“Petty?” he said.
“Yes sir,” I said, keeping my eyes on the clump of yellow, poisonous prairie ragwort at my feet.
“I’m Sheriff Bloch. Would you show us in, please?”
“Yes sir,” I said, turning and walking up the front steps. I pushed open the screen and went in, standing aside to let in the phalanx of strange men. My breathing got shallow and the shaking started up. My heart beat so hard I could feel it in my face, and the bump on my left shoulder—scar tissue from a childhood injury—itched like crazy. It always did when I was nervous.
The EMTs came in after the sheriff.
“Where is he?” one of them asked. I pointed behind me to the right, up the stairs. They trooped up there carrying their cases. The house felt too tight, as if there wasn’t enough air for all these people.
Sheriff Bloch and a deputy walked into the living room. Both of them turned, looking around the room, empty except for the grandfather clock in the corner. The old thing had quit working many years before, so it was always three-seventeen in this house.
“Are you moving out?” the deputy asked.
“No,” I said, and then realized why he’d asked. All of our furniture is crowded in the center of each room, away from the windows.
Deputy and sheriff glanced at each other. The deputy walked to one of the front windows and peered out through the bars.
“Is that bulletproof glass?” he asked me.
They glanced at each other again.
“Have anyplace we can sit?” Sheriff Bloch said.
I walked into our TV room, the house’s original dining room, and they followed. I sat on the couch, which gave off dust and a minor-chord spring squeak. I pulled my feet up and hugged my knees.
“This is Deputy Hencke.”
The deputy held out his hand toward me. I didn’t take it, and after a beat he let it drop.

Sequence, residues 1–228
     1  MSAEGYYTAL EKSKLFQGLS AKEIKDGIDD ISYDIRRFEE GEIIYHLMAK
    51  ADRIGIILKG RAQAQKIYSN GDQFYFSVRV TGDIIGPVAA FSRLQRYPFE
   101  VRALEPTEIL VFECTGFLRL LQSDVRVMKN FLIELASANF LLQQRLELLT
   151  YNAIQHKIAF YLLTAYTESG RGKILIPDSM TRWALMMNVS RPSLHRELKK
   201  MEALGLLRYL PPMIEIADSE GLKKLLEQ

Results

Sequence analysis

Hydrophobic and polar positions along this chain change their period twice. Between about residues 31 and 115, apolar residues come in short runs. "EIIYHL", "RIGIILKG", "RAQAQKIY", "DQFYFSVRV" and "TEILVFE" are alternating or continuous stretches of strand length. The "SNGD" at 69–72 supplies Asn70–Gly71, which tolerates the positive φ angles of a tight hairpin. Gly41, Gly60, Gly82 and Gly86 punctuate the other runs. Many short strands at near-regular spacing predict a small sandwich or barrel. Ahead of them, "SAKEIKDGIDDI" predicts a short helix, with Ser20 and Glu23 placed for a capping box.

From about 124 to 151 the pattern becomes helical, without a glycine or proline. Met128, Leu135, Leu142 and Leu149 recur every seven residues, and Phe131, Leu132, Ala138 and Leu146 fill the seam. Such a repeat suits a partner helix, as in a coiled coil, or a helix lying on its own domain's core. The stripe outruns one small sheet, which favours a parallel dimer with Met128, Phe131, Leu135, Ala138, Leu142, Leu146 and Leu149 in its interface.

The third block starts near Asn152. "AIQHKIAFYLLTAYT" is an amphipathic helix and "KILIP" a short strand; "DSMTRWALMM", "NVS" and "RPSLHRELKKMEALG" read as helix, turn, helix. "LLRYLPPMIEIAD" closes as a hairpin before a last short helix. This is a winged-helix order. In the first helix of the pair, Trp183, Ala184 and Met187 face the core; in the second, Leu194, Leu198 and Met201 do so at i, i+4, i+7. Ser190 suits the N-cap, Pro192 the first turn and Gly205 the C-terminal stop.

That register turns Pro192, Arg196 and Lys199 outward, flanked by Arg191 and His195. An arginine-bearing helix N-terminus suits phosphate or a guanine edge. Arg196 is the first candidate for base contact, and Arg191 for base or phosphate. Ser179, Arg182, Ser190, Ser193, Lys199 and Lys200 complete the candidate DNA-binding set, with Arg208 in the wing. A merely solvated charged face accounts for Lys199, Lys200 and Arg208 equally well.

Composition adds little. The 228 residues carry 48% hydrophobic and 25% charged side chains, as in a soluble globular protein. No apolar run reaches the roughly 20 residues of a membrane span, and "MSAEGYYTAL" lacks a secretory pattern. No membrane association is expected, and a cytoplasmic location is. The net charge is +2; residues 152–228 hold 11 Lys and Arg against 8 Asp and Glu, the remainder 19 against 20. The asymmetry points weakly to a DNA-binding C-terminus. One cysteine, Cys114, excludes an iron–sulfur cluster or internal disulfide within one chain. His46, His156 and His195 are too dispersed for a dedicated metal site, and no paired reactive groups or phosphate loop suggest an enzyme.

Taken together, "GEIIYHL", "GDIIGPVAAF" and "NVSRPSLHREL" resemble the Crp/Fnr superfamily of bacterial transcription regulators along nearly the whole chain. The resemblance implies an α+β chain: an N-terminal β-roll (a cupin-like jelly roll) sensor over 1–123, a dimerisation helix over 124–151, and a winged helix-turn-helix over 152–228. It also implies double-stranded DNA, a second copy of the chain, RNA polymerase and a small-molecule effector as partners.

“I’m very sorry for your loss,” he said. He had a blond crew cut and the dark blue uniform.
He went to sit on Dad’s recliner, and it happened in slow motion, like watching a knife sink into my stomach with no way to stop it.
“No!” I shouted.
Nobody but Dad had ever sat in that chair. It was one thing to let these people inside the house. It was another to allow them to do whatever they wanted.
He looked around and then at me, his face a mask of confusion. “What? I’m—I was just going to sit—”
“Get a chair out of the kitchen,” Sheriff Bloch said.
The deputy pulled one of the aqua vinyl chairs into the TV room. His hands shook as he tried to write on his little report pad. He must have been as rattled by my outburst as I was.
“Spell your last name for me?”
“M-O-S-H-E-N,” I said.
“No,” I said. “We’re from Detroit originally.”
His face scrunched and he glanced up.
“How’d you end up here? You got family in the area?”
I shook my head. I didn’t tell him Dad had moved us to Saw Pole, Kansas, because he said he’d always wanted to be a farmer. In Saw Pole, he farmed a sticker patch and raised horse flies but not much else.
“How old are you?”
He lowered his pencil. “Did you go to school in Niobe? I don’t ever remember seeing you.”
“Dad homeschooled me,” I said.